Gould, D.J. et al. The Journal of Hospital Infection. Published online: 16 July 2016
Leadership is widely considered to be vital for infection prevention and control (IPC).1 Its purpose is to maintain progress reducing risks of healthcare-associated infections especially those caused by antimicrobial-resistant organisms, and to achieve continuous quality improvement.2 But given its importance there is little rigorous research on effective leadership for IPC. While there is indirect evidence that IPC experts and clinicians working at the frontline of patient care can assume leadership, almost nothing has been written about IPC leadership at senior level.
Winzor, G. & Cooke, R.P.D. Journal of Hospital Infection. Published online: 27 July 2016
Infection prevention and control (IPC) practices within the paediatric setting pose many unique challenges which are often linked to a lack of paediatric specific research. The short report in this issue of the JHI by Araujo da Silva et al1 highlights a lack of quality studies and practice recommendations for paediatric IPC.
Ternavasio-de la Vega, H.G. et al. The Journal of Hospital Infection. Published online: July 25 2016
Background and objectives: Catheter-associated urinary tract infections (CAUTIs) represent an important health care burden. We assessed the effectiveness of an evidence-based multimodal multidisciplinary intervention intended to improve outcomes by reducing the use of urinary catheters (UCs) and minimizing the incidence of CAUTIs in the Internal Medicine department of a university hospital.
Material and methods: A multimodal intervention was developed, including training sessions, urinary catheterization reminders, surveillance systems, and mechanisms for staff feedback of results. The frequency of UC use and incidence of CAUTIs were recorded in 3-month periods before (P1) and during the intervention (P2).
Results: The catheterization rate decreased significantly during P2 (27.8% vs. 16.9%; relative risk [RR]: 0.61; 95% confidence interval [95% CI]: 0.57-0.65). We also observed a reduction in CAUTI risk (18.3 vs. 9.8%; RR: 0.53; 95% CI: 0.30-0.93); a reduction in the CAUTI rate per 1000 patient-days (5.5 vs. 2.8; incidence ratio [IR]: 0.52; 95% CI: 0.28-0.94); and a non-significant decrease in the CAUTI rate per 1000 catheters-days (19.3 vs. 16.9; IR: 0.85; 95% CI: 0.46-1.55).
Conclusions: The multimodal intervention was effective in reducing the catheterization rate and the frequency of CAUTIs.
Beam, C. et al. Journal of Emergency Nursing. Published online: July 21 2016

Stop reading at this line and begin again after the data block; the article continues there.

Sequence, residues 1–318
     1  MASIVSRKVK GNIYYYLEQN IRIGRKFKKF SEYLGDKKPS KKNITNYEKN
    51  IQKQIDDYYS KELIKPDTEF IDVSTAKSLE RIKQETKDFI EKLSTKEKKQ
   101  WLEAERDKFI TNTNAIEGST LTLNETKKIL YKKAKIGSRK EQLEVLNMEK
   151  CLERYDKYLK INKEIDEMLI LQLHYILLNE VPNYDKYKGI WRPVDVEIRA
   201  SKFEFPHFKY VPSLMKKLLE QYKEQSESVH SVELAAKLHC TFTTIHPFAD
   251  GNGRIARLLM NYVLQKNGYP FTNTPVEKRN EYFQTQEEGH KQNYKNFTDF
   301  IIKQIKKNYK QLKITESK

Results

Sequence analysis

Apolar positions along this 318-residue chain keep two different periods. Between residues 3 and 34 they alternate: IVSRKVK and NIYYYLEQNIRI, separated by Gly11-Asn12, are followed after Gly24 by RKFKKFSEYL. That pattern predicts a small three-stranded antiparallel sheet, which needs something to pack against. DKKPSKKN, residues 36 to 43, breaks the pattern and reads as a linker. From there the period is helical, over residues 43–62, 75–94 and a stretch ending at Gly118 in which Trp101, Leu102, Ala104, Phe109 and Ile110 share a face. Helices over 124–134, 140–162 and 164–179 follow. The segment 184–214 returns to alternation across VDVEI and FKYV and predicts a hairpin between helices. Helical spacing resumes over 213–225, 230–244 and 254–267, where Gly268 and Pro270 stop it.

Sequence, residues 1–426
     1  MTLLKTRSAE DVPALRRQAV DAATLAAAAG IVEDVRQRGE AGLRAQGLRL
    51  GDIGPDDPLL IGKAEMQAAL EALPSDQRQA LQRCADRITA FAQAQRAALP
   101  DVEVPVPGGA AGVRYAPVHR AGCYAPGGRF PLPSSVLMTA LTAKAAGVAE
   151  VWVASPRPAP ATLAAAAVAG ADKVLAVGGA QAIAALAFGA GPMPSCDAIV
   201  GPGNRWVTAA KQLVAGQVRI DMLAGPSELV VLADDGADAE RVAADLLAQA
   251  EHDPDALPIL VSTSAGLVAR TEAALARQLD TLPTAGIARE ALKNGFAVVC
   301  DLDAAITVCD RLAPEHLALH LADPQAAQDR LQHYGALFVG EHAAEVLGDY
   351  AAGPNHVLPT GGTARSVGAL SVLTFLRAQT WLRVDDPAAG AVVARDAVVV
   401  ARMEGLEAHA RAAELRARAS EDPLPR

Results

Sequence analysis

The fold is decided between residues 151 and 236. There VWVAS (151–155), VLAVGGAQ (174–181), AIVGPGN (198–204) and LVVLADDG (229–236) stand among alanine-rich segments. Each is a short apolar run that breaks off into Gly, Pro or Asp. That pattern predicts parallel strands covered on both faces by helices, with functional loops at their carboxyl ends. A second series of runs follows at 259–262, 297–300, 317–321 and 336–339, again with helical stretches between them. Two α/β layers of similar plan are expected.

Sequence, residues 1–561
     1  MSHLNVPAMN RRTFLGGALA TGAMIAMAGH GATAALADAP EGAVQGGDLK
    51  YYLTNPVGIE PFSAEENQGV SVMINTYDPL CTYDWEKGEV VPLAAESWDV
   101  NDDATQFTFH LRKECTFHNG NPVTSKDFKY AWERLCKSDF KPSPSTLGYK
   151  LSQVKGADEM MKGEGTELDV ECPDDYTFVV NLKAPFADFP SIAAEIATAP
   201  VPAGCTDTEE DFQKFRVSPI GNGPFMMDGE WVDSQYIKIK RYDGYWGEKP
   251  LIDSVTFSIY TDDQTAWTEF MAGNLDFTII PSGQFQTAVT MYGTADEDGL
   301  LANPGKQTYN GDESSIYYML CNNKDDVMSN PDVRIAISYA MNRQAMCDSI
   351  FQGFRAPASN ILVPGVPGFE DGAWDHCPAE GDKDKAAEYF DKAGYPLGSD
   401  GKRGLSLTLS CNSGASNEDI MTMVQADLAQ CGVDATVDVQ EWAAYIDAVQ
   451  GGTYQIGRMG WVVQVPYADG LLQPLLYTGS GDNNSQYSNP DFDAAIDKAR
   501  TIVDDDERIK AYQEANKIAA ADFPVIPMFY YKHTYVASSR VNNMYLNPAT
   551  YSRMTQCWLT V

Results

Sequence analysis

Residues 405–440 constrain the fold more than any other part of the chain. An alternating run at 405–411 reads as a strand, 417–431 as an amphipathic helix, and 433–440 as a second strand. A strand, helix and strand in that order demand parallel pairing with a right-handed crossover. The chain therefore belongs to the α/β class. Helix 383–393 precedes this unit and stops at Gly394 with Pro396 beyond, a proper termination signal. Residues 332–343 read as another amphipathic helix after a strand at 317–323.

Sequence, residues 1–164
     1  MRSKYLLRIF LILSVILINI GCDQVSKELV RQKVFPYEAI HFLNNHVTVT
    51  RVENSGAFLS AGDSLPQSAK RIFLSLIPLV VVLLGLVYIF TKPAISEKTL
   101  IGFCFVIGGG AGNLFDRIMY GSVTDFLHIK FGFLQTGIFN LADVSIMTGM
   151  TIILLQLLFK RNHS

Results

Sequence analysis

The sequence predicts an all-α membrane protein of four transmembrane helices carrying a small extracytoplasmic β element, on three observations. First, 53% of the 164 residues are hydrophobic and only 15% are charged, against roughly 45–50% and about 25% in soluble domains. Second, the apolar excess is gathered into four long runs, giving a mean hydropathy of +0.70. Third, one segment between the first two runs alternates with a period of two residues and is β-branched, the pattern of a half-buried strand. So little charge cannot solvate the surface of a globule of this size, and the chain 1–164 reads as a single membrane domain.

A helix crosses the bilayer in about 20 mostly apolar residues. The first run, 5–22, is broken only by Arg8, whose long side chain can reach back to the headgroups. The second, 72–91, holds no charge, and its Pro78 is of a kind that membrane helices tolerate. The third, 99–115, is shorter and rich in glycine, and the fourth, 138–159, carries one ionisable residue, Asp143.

Image shows digitally colorized electron micograph of influenza virions
Concern about antibiotic overuse has become heightened as bacterial resistance to antibiotics continues to increase. Patients experiencing respiratory symptoms frequently present to urgent/emergent care settings such as fast-track emergency care departments and primary care retail settings with the expectation that they will be prescribed antibiotics.
The Centers for Disease Control and Prevention (CDC) reports that approximately 2 million people will become ill with bacteria that are resistant to at least one antibiotic, approximately 23,000 people die as a direct result of these infections, and many others die as a result of complications related to antibiotic-resistant infections.
Measles can be more severe in teenagers and adults and some may need hospital treatment. Measles is also extremely infectious and summer events like music festivals and fairs where people are mixing closely with each other provide the ideal place for the infection to spread.
The vaccine also protects against other serious illnesses including mumps. Anyone who is unsure of their vaccination status should contact their GP practice to make an appointment.
Dr Gayatri Amirthalingam, measles expert for PHE, explains the importance of being immunised against measles:
NICE has published new guidance Sepsis: recognition, diagnosis and early management (NG51). This guideline covers the recognition, diagnosis and early management of sepsis for all populations. The guideline committee identified that the key issues to be included were: recognition and early assessment, diagnostic and prognostic value of blood markers for sepsis, initial treatment, escalating care, identifying the source of infection, early monitoring, information and support for patients and carers, and training and education.
The UK Sepsis Trust will support release of the NICE Clinical Guideline on sepsis with tools and resources including screening and action tools to aid with early identification and management of sepsis in children and adults (including in pregnancy) across community-based, prehospital and acute clinical environments.